Panel calls for new fee or tax rise 2 options urged to pay $35 million it will take to clean, close dumps

Ecker cool to proposals

Long-term borrowing should be curbed, committee says

February 11, 1997|By Craig Timberg | Craig Timberg,SUN STAFF

A committee created by Howard County Executive Charles I. Ecker recommended yesterday a new fee or higher taxes to pay for $35 million in cleanup and closure costs at three county landfills.

In its far-reaching annual report, the Spending Affordability Advisory Committee also urged the county to curb its long-term borrowing, which has ballooned during Ecker's administration.

Howard now has the highest per-capita debt in the state -- owing $384 million, or $1,650 for every county resident in 1997. The debt was $1,623 per county resident last year. The committee recommended adding no more than $25 million a year in new debt next budget year, which starts in July.

It was the second time in three weeks that one of Ecker's committees urged new fees or taxes. And for the second time, Ecker -- considering a run for governor on the strength of his fiscal management of Howard County -- was cool to the idea.

"It's easy to say something when you don't have the responsibility," said Ecker, a Republican, after the committee issued its findings at a news conference in his office.

In his "State of the County" address last month, Ecker vowed he would not increase taxes or fees. But if he changes his mind, the proposal could come in his budget, due in April. Any such plan also would need County Council approval.

The spending affordability committee, composed of 17 Howard business leaders and county officials, warned that Howard has too much debt, including some projects financed by 20-year bonds that will outlive the usefulness of the projects. The committee's warning on debt and call for new fees mirrors its last report about a year ago.

The committee's report particularly criticized Ecker's plan to use 20-year bonds to pay for nearly all of the $35 million needed to clean up and close Alpha Ridge, New Cut and Carrs Mill landfills. All have serious contamination problems.

"We do not believe, as a matter of principle, that it is right for us to pass the debt for problems in the past, to our children and grandchildren," said Steve Sachs, the Columbia insurance executive who chaired the committee.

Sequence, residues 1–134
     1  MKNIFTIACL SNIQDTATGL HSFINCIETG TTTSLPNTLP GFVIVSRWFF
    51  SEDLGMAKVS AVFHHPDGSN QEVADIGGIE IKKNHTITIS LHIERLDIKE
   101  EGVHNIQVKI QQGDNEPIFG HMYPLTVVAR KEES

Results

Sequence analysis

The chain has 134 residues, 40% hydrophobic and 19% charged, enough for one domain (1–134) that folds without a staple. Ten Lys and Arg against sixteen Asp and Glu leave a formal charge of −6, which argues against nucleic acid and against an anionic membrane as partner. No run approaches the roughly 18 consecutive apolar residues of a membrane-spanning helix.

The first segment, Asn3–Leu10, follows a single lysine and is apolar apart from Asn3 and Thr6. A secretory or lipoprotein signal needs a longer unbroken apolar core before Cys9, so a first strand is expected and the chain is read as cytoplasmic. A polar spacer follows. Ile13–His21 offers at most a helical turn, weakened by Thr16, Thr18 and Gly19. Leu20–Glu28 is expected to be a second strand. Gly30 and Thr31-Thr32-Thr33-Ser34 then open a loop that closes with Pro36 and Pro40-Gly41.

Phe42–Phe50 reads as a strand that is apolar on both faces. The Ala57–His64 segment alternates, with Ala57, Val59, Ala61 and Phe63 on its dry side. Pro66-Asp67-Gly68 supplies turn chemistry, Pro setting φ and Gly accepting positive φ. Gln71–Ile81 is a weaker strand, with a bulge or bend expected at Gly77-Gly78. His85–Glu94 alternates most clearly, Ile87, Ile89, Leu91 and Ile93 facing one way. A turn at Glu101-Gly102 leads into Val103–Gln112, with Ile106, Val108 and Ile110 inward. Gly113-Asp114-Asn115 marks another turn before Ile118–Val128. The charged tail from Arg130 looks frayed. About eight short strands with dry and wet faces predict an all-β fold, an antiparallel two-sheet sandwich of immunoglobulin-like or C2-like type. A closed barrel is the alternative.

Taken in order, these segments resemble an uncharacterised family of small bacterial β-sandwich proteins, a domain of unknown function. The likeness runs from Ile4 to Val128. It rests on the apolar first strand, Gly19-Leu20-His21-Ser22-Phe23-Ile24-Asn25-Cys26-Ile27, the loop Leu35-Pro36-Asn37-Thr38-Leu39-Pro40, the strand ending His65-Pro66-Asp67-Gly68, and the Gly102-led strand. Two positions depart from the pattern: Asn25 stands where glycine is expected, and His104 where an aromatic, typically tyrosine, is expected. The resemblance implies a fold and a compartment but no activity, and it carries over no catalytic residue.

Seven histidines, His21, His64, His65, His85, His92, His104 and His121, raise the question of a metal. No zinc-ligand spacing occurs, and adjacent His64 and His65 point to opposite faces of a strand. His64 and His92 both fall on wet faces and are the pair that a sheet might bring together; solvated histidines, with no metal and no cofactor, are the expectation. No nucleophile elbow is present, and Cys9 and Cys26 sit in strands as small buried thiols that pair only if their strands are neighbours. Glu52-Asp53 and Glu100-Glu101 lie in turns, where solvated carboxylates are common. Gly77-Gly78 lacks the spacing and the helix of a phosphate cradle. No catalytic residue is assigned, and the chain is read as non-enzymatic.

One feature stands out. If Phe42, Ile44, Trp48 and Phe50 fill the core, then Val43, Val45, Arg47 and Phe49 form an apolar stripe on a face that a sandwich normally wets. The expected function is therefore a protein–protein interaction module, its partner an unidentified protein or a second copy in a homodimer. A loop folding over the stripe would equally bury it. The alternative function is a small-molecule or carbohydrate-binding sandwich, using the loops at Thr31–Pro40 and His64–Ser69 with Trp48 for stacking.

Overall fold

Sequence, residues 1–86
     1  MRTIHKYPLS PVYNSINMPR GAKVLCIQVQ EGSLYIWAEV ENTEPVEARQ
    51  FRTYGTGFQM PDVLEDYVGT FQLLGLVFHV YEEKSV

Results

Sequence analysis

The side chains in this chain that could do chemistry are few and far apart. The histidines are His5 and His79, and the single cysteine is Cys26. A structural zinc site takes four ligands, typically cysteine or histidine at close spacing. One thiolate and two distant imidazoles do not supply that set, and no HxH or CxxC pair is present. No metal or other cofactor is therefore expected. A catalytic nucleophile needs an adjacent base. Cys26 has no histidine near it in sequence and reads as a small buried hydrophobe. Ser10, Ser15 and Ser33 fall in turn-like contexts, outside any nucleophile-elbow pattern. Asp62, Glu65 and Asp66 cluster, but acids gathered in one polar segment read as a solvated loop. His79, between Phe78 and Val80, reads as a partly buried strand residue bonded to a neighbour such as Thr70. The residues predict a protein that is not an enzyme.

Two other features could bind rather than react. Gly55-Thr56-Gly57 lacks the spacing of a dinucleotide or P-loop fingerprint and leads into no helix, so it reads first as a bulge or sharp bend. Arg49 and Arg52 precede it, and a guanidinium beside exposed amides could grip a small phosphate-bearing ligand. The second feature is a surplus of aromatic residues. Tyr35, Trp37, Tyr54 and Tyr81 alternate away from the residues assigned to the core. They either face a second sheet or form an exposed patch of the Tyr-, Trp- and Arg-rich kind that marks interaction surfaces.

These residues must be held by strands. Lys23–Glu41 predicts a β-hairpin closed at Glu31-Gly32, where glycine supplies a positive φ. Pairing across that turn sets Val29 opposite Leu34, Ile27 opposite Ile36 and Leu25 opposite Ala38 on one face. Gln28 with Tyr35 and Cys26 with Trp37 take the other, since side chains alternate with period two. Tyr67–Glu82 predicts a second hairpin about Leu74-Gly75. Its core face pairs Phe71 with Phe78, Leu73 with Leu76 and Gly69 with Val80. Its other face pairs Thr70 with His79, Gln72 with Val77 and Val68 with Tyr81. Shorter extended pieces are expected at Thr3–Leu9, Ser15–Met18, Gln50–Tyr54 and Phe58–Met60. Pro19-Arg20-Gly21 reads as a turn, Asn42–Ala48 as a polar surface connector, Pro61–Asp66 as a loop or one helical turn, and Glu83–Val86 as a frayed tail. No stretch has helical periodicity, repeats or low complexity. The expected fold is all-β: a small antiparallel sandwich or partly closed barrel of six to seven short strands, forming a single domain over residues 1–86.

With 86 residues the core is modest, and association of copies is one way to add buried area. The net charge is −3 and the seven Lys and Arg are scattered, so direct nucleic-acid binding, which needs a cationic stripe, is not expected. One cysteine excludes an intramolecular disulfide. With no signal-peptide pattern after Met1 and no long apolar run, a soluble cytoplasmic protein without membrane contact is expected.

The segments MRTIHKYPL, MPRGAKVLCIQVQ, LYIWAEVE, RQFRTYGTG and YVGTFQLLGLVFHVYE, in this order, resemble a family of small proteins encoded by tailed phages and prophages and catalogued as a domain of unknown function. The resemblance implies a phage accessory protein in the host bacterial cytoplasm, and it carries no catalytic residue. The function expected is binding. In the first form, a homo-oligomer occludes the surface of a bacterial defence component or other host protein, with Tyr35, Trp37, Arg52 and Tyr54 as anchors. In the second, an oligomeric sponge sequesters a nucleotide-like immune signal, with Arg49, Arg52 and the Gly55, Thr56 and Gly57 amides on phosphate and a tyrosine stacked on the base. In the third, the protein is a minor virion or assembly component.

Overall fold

The committee suggested paying for the landfill projects with five-year bonds. The county would repay the debt through a temporary, tax-deductible charge that would increase tax bills.

That charge would start small, then grow as high as 2.7 percent of the current tax rate before ending after five years.

Sachs said the new charge would cost the average homeowner as much as $29 in additional taxes in its most-expensive year. But the five-year borrowing plan would save the county $21 million in interest payments compared with a 20-year bond.

The committee also endorsed a proposal to charge a new fee of $50 per home for improvements to the county's storm water management system, a project required by federal law. A separate committee had recommended that plan last month.

"If county government has reduced all of the expenses it can," the report said, "it needs to increase taxes or fees in order to provide the services and continue the quality of life that Howard County residents expect."

Committee member Retha Valderas, a Columbia accountant, put more bluntly: "It's real simple: We either reduce services or increase revenue."

Aside from new fees and taxes, the report's overriding theme was Howard's high debt.

Howard's $384 million of debt is costing the county $40.3 million, 12 percent of its revenue, in debt service this year. That's a level that can worry bond-rating agencies, though Howard has the highest possible bond rating.

The debt comes mostly from a decade-long boom in school construction and renovation as the county struggled to keep up with skyrocketing student enrollment.

Since 1991, Howard has borrowed $150 million to pay for schools projects, making it the largest part of the $384 million the county owes in general-obligation bonds. That is the type of borrowing directly supported by property taxes and income taxes, as opposed to separate revenue sources like water and sewer fees.

The result has been the highest per-capita debt in the state -- a problem that the committee said hurts the county's ability to pay for ordinary services.

"One could characterize the present condition of Howard County like the homeowner, who after paying his or her mortgage and buying groceries has no money left," Sach said. "For the county government, the bond debt service is our mortgage. And the education budget is our food bill."

To control that problem, the committee recommends borrowing no more than $25 million in general-obligation bonds next year.

The county's department heads recently proposed $94.1 million of projects in next year's capital budget, with $43 million of that borrowing coming from general-obligation bonds.

Ecker has said he intends to cut the amount of general-obligation borrowing to $25 million, mainly by trimming school renovation projects that do not add seats.

The report also said:

The county should not allow debt for a project to outlive the project's usefulness.

The county, school board and Howard Community College should look to privatize certain functions.

Ecker should continue his efforts to tie the salaries of county employees to evaluations of their performance.

The county should begin new fees for ambulance transport and false alarms. And tipping fees should increase at the Alpha Ridge Landfill.

Pub Date: 2/11/97

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